The San Francisco 49ers dropped an embarrassing 28-20 loss to the Chicago bears on Sunday, with poor decisions and penalties costing the team. After the game, Anquan Boldin and Michael Crabtree were among several 49ers that talked about lacking a killer instinct. Boldin said the team has to put their foot to the opponent's throat when they've built a lead. Crabtree talked about needing to improve in a lot of areas, and figure out that killer instinct.
There is one specific example of what might be a lack of a killer instinct. In the third quarter, the 49ers received the opening kickoff and started at their own 10. They methodically moved down the field, and found themselves facing a 3rd and 6 at the Bears 7 yard line. Rather than take a shot at the end zone, the 49ers ran what I believe was a shotgun handoff. Frank Gore gained a yard, and Phil Dawson came out to kick the field goal. Those were the 49ers final points of the game.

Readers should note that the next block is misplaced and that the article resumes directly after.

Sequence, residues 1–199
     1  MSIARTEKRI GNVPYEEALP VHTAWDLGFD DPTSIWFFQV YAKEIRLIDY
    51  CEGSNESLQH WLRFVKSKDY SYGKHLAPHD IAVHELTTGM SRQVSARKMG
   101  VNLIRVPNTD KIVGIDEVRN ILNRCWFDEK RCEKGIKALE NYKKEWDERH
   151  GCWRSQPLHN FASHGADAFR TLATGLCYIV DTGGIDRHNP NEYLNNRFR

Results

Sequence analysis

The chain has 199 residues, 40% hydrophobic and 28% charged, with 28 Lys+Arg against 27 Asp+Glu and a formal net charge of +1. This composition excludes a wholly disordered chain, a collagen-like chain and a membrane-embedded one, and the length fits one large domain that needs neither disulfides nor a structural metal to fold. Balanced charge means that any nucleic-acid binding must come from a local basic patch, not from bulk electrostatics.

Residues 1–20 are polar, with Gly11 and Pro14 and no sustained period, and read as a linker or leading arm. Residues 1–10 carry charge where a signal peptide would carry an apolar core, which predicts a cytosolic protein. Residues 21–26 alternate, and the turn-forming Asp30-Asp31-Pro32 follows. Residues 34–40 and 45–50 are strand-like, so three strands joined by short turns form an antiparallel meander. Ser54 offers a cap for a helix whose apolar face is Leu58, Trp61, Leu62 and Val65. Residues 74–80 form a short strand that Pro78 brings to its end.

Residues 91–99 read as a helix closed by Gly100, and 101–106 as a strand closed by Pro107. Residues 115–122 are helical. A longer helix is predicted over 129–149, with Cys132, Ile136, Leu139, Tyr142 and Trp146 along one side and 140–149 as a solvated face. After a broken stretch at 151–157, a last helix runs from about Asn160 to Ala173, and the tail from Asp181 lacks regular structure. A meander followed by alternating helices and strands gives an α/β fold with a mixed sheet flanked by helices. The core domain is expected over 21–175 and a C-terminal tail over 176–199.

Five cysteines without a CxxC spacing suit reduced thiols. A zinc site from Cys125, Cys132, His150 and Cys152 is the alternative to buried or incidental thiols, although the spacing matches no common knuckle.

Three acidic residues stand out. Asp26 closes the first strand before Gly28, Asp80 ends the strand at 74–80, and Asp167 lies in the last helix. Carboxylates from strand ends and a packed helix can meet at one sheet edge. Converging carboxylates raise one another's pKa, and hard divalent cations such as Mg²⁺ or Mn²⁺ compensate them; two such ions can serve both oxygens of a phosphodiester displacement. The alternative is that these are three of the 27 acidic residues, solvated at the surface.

After thinking on it, I would actually contend the 49ers did try and go for the jugular. The problem did not strike me as lack of a killer instinct, so much as lack of execution in going for said jugular. After the field goal, the Bears drove down and scored a touchdown to cut the 49ers lead to 20-14. On the ensuing 49ers drive, Colin Kaepernick threw an interception on the first play. The Bears scored on the next play to take a 21-20 lead. The 49ers followed that up with a 6-play, 1 penalty drive that ended with a Kap pick on a pass to Derek Carrier. That drive included four pass attempts, one sack, and one run.
The 49ers lost this game because of poor execution and penalties. Whatever you want to say about the refs, the 49ers did plenty on their own to shoot themselves in the foot. Aside from the 3rd and 6 handoff to live with the field goal, it really did seem more of an execution issue.